I had two hills on the agenda today, but I knew from the outset that this was the day of the plan that was flawed. To do both hills, go shopping and arrive at Coylumbridge campsite ahead of Mick would have required a 5am start, and there was no way that was happening considering how tired I was last night.
So, my hill target for the day became halved and I opted for the longer walk of the two.
It was disappointing to set out with rain gently falling and having not seen a single glimpse of blue sky. I'd seen a number of forecasts last night and this morning and every single one said it was going to be sunny and calm over the whole of the UK today.
The rain turned out to be one of a few passing showers, each so short and light that waterproofs were not required.
As for the hill, it was another very fast and easy striding-out job, as a track led me the whole way from Colin to within paces of the summit.
Unfortunately, the hill itself was a bit of a let-down by comparison to all of the others I've walked in the last week. I think I've been spoilt by a run of spectacular surroundings. This one was grouse moorland and whilst not offensive, it had nothing particular to recommend it.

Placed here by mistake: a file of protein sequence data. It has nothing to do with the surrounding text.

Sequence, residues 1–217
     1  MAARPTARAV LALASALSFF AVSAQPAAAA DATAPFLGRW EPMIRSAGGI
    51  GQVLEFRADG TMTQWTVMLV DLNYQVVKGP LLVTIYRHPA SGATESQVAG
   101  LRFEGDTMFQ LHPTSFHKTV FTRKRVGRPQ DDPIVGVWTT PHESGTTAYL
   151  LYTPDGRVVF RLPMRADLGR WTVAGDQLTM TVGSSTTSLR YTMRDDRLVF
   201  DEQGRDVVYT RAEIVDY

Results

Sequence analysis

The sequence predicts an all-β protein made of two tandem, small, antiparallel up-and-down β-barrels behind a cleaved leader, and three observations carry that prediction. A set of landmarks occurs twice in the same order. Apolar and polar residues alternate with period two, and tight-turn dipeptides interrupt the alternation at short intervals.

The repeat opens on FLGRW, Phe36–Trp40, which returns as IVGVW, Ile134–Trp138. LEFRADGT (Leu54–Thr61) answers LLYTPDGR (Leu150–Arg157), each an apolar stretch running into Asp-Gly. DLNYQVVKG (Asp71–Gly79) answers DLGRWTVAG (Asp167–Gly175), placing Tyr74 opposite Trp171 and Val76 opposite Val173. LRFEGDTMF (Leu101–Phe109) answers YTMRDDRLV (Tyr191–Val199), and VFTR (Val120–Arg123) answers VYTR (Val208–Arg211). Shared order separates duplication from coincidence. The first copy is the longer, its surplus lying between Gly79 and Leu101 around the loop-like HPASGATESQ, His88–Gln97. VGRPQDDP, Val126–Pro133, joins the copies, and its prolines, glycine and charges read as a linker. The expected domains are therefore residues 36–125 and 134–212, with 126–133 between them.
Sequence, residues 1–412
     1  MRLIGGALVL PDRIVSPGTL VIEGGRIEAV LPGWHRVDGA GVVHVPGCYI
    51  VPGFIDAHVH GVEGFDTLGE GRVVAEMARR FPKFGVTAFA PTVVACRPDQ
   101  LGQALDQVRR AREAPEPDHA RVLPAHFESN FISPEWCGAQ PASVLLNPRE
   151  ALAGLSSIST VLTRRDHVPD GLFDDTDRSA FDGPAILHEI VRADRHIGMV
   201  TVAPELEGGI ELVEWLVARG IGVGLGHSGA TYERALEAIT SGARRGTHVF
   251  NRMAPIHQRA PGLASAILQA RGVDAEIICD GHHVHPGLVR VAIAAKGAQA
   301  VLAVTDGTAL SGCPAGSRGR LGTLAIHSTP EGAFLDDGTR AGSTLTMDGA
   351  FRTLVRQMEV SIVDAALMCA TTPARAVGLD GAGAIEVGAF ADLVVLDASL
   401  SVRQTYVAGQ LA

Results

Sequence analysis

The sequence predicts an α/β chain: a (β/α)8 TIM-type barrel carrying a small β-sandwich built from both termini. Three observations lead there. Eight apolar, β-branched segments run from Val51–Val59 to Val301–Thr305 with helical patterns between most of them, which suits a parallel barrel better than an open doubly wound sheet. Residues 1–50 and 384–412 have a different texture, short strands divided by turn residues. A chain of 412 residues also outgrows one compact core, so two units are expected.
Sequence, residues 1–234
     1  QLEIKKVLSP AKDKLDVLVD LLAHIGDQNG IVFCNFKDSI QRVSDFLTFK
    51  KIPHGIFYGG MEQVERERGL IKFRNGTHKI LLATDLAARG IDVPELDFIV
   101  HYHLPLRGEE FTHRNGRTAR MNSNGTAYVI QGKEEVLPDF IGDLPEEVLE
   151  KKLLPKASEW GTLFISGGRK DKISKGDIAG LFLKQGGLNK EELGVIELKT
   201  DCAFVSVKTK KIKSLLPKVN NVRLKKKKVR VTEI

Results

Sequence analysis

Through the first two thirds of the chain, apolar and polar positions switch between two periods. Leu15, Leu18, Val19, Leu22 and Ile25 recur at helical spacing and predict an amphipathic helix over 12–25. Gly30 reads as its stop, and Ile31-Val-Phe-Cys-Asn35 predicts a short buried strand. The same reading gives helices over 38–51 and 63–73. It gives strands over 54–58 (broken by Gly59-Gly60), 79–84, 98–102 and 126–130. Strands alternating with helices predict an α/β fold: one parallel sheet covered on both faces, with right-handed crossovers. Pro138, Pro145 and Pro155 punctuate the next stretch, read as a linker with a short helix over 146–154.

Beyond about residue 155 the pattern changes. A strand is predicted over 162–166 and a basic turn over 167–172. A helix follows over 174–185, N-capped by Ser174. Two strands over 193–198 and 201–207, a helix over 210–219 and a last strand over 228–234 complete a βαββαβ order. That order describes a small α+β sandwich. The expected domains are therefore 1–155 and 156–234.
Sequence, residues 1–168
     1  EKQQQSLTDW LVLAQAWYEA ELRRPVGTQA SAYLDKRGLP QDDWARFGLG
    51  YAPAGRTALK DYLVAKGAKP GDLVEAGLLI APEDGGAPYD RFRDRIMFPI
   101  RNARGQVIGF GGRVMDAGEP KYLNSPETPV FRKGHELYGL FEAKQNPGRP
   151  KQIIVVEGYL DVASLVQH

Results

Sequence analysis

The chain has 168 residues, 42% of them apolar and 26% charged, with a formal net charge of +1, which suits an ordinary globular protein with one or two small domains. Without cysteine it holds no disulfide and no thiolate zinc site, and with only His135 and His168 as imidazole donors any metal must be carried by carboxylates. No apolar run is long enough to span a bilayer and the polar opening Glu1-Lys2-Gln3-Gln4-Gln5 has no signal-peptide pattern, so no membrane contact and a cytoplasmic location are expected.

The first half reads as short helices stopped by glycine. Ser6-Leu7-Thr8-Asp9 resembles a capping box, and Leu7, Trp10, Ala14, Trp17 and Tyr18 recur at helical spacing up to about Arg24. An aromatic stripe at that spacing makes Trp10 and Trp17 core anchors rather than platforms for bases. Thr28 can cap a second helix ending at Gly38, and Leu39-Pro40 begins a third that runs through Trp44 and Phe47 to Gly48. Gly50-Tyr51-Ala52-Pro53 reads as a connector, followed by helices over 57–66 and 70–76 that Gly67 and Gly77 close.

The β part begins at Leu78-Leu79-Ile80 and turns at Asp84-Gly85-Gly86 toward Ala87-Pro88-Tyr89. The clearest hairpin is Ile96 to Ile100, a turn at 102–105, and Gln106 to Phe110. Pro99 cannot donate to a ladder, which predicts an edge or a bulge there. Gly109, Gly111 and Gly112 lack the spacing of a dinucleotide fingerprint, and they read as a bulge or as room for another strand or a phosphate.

The descent somehow felt longer than the ascent, but was again speedy, and within 2 hours of setting out I was back at Colin, where I opened his door to an overwhelming smell of dead deer. The pile of wet socks and my sodden boots sitting in the passenger foot well were festering nicely. (When I say 'nicely' what I, of course, mean is 'offensively'.)
So quick and easy had my hill been (7.2 miles, 1200') that even after stopping for a spot of shopping in Aviemore, I was too early to arrive at the campsite, so I parked up in the car park of the Rothiemurchus Centre for a cup of tea. Twenty minutes later along came a Challenger, who I invited in for a cup of tea. He gratefully accepted: it was Mick.
He'd had a late start today. It turns out that whilst I was awake worrying about mad axe murderers on Monday night, he was awake due to the wind. Even after an early night last night (incredibly, he was the only person at the Red Shed) he overslept this morning. A good job really, or he would have been in Aviemore by half past nine!
Having heard about his adventures of the last 3 days (featuring a magnificent glen, buffeting winds, difficult water crossings, man-eating bogs and lots of rain) I threw him back out to continue his last mile up the road, soon overtaking him as I made my way to the campsite.
Whilst the blue sky never did materialise, except in tiny patches, it has been dry since mid-morning, so at least today when Connie Competition was put out to dry that's exactly what she did.
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